Wonga, was a British payday loan provider of short-term, high-cost credit that was founded in 2006 and had operations in the UK, Spain, Poland and South Africa.

The interest charged by Wonga reached the equivalent of 5,853% APR at times and was widely criticised.

Following restrictions on its interest charges, rollover loans and customer compensation claims, Wonga went into administration in August 2018.  


Wonga was co-founded by Errol Damelin and Jonty Hurwitz in October 2006.

Damelin has said that the goal was to disrupt the short-term credit industry by providing transparency, exact control of amount and payment date, immediate access to funds, and no faxing or emailing of documents.

Wonga had a lot of problems initially, such as the banks saying they would not accept proof of identity without physical documents.  However, within five minutes of launch, the first loan application was processed and demand grew rapidly.  

The full launch of Wonga.com was July 2008 and in July 2009 Wonga raised a further £13.9m of funding, then a third round of £73 million of funding in 2011.

New Financial Rules

From July 2014, all payday loan companies had to conform to new rules, which limit roll-overs of loans and force them to increase affordability checks. From January 2015, they also had their charges capped.

On 30 September 2014, Wonga announced that its profits for the year to the end of December 2013 had fallen by 53% to £39.7 million. The company blamed the cost of compensation paid to customers – which in total cost the company £18.8m.

Wonga also said it expects to be "smaller and less profitable" in future, in part due to new controls set by the regulator, the Financial Conduct Authority (FCA). Wonga saw losses more than double in 2015 as tougher regulation of the payday loan sector led to a sharp fall in the number of loans taken out by UK consumers; the business reported a pre-tax loss of £80.2m for the year – up from £38.1m the year before.

The drop in revenues was driven primarily by a new price cap and stricter criteria set by UK regulators.

 Data Breach

In April 2017, Wonga suffered a data breach which affected up to 245,000 customers in the UK. The information stolen included the last four digits of customers' bank cards – information used by some banks as part of the login sequence for online accounts.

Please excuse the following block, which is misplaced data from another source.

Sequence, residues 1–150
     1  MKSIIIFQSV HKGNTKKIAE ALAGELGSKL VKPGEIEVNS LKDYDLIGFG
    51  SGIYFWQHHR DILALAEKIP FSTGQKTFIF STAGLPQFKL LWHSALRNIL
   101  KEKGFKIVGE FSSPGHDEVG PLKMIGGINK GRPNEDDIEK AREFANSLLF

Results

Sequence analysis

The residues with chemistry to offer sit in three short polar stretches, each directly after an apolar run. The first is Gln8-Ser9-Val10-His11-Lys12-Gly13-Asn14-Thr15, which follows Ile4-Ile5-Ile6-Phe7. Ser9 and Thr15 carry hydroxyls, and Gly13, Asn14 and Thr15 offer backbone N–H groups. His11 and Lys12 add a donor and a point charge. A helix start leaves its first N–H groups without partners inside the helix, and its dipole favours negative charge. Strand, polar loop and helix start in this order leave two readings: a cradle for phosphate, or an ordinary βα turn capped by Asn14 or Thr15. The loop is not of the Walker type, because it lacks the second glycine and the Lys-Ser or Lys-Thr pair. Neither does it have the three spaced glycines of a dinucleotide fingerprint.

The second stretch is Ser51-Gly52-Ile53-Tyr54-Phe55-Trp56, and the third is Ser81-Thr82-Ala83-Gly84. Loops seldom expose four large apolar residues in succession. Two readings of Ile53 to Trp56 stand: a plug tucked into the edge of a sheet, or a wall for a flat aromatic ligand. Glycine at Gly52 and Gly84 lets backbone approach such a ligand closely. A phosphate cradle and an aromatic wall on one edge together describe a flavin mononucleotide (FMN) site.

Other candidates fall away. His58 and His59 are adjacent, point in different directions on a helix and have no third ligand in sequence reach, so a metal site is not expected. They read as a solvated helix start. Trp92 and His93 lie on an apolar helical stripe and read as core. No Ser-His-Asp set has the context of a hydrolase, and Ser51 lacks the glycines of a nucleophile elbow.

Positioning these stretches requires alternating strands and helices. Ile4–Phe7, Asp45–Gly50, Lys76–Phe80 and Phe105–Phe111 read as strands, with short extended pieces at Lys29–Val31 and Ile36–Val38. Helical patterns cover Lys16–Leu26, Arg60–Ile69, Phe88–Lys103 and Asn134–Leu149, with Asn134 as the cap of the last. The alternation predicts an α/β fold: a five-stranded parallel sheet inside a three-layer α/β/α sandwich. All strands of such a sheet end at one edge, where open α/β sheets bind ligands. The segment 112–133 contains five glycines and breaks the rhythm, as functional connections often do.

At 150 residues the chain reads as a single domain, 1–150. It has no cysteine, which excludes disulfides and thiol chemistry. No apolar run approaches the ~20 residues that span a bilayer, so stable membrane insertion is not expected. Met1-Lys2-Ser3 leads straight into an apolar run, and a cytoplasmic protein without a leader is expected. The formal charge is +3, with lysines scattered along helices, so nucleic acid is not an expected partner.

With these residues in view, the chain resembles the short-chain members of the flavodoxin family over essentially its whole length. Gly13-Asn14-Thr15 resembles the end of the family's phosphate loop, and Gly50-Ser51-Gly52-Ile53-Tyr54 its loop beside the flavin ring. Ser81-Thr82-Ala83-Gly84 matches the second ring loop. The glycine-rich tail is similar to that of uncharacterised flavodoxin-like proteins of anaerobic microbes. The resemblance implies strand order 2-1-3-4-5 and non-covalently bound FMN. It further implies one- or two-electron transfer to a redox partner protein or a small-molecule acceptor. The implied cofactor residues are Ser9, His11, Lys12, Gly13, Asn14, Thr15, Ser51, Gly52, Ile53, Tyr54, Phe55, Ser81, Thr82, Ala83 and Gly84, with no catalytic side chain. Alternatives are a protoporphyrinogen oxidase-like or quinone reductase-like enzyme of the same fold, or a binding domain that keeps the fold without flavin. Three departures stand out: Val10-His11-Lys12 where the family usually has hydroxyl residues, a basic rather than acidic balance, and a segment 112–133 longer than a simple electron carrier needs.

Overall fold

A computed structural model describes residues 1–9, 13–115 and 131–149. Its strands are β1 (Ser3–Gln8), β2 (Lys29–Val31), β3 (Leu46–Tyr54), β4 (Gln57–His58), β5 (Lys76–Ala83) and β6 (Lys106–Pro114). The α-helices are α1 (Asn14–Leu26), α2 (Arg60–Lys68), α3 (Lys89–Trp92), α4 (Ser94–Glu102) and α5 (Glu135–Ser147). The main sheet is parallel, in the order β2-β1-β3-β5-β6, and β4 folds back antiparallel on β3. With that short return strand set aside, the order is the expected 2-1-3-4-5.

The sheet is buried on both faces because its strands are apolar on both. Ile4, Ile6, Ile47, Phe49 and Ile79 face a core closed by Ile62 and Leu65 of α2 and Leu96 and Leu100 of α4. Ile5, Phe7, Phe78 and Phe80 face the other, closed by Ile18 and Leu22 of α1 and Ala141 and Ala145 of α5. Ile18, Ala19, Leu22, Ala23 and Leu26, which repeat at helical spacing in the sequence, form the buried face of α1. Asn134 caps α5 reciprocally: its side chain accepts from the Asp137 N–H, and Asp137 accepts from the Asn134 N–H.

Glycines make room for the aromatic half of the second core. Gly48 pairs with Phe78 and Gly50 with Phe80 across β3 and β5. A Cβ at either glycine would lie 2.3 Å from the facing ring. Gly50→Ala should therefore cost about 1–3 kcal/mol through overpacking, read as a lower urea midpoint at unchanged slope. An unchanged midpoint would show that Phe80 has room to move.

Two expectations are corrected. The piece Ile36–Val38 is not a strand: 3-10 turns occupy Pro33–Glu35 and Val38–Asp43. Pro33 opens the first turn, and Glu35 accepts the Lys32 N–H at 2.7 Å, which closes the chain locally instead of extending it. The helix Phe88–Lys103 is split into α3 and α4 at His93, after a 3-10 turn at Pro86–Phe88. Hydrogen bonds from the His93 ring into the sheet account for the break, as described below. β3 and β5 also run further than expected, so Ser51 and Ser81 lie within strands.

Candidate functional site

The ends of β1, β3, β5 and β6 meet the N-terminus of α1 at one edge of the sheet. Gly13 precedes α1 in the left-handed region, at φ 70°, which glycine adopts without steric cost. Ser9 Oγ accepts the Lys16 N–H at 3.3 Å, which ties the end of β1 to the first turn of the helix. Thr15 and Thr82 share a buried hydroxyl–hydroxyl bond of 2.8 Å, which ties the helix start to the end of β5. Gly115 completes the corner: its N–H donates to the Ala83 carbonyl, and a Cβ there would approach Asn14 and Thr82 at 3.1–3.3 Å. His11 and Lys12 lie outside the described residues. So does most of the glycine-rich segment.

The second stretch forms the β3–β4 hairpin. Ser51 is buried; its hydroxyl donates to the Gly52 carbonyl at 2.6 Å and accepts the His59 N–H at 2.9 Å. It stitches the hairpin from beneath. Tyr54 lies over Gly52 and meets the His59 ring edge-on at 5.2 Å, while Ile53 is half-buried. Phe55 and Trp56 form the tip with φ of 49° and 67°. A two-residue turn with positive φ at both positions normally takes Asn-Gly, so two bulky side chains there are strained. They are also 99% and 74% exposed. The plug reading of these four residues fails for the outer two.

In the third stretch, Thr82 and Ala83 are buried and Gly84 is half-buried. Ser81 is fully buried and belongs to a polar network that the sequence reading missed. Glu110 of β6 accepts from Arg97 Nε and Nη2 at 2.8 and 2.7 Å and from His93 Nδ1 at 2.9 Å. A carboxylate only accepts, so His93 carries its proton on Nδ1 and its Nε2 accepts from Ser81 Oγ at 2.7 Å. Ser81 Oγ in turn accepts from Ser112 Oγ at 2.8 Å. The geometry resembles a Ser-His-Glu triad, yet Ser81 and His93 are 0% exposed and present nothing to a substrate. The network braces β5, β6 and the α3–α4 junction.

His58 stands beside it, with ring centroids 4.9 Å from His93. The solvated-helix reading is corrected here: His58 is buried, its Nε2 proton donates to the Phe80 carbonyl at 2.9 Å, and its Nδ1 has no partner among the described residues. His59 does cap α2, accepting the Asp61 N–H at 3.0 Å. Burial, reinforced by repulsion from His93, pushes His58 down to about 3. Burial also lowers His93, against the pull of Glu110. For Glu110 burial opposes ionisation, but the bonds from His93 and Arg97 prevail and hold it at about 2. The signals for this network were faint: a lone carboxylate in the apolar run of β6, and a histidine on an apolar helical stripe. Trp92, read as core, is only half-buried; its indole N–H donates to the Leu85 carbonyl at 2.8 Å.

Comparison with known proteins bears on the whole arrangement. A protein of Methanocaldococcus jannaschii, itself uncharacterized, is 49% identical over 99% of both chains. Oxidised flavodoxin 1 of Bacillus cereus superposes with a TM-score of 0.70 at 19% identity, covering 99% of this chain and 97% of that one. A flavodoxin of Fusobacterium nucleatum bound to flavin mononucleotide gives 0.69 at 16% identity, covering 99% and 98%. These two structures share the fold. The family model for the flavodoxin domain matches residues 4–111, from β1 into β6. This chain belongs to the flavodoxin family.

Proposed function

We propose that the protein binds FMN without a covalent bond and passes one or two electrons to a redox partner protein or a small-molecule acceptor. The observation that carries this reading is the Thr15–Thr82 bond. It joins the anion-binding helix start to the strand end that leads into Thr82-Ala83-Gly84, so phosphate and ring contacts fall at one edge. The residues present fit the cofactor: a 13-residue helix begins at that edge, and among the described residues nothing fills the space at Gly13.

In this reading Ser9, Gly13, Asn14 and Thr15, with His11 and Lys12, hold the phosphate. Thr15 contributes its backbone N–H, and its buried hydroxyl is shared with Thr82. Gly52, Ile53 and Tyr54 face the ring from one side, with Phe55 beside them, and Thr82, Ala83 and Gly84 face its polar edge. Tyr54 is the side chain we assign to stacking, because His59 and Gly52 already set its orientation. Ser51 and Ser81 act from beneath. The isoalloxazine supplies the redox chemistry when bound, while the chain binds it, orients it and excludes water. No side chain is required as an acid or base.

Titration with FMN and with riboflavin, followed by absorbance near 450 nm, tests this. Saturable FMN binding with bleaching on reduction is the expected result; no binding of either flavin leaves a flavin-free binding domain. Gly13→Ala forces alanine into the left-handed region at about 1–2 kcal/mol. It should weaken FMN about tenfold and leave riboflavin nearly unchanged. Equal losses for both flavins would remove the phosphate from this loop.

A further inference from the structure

Ownership and corporate structure

The company was mostly owned by venture capital funds.

Damelin resigned as Chief Executive in November 2013 to become part-time chairman and non-executive director, then finally left the company in June 2014. He cashed in his shares for a very sizeable amount of money.

Unfair Practices

In May 2012, the company was required by the Office of Fair Trading (OFT) to improve its debt collection practices, after it was found that it had sent letters to customers in 2010 accusing them of committing fraud and saying that the police might be informed.

In June 2014, the FCA found that Wonga's debt collection practices were unfair and ordered that they compensate affected customers. The FCA found that between October 2008 and November 2010, Wonga had sent their customers letters claiming to be from non-existent law firms "Chainey, D'Amato & Shannon" and "Barker and Lowe Legal Recoveries", to force customer to repay debts.  

In some cases, customers were charged for the supposed lawyers' fees for these letters. This practice had been uncovered by the OFT in 2011, after Wonga was asked to disclose information about its debt collection practices.

Consequent to discussions with the FCA, on 2 October 2014 Wonga agreed to write off the debts – thought to total £220 million – of 330,000 customers who were in arrears of thirty days or more.


In October 2014, the UK’s Advertising Standards Authority (ASA) banned Wonga from using a TV advert that  breached its code because of a claim that customers would save money. The authority said this was likely to be interpreted as a statement that Wonga’s loans were cheaper than those of other lenders and was therefore a price comparison.

It ruled that Wonga should consequently have informed consumers of its 5,853% annual interest rate.

It was the third Wonga advert to be banned by the ASA in 2014.

The Collapse of Wonga

The collapse leaves an estimated 200,000 customers still owing more than £400m in short-term loans. But borrowers were told to continue making payments and administrators are expected to sell Wonga’s loan book to another lending firm.

The collapse means about 500 people lose their jobs, mostly in the London area where the company has its head office.

Labour MP Stella Creasy (@stellacreasy)

As Wonga fell into administration, the Labour MP Stella Creasy, a prominent payday loan campaigner, tweeted that Wonga’s customers need to be protected, but warned that the vulnerable were still being targeted.

Stella has been a keen supporter for people victimised by payday loan companies such as Wonga and has fought for their rights.

“Wonga’s customers need to be first in queue for protection for the administrators - and believe me amigoloans, Vanquis, Oakum et al...you are all in my sightline to hunt down… “

Where did it all go wrong for Wonga?

Martin Lewis, founder of MoneySavingExpert, said the firm’s collapse was a cause for celebration. “Normally when firms go bust, the fear is diminished competition. Not here. Wonga’s payday loans were the crack cocaine of debt – unneeded, unwanted, unhelpful, destructive and addictive. Its behaviour was immoral, from using pretend lawyers to threaten the vulnerable, to pumping its ads out on children’s TV.

Good riddance to a company that has soaked people in need and caused a lot of grief, but it is sad for the employees that lost their jobs.

If you have any bad experiences with Wonga or other payday lenders, do let me know – go to the About page then Contact Us.








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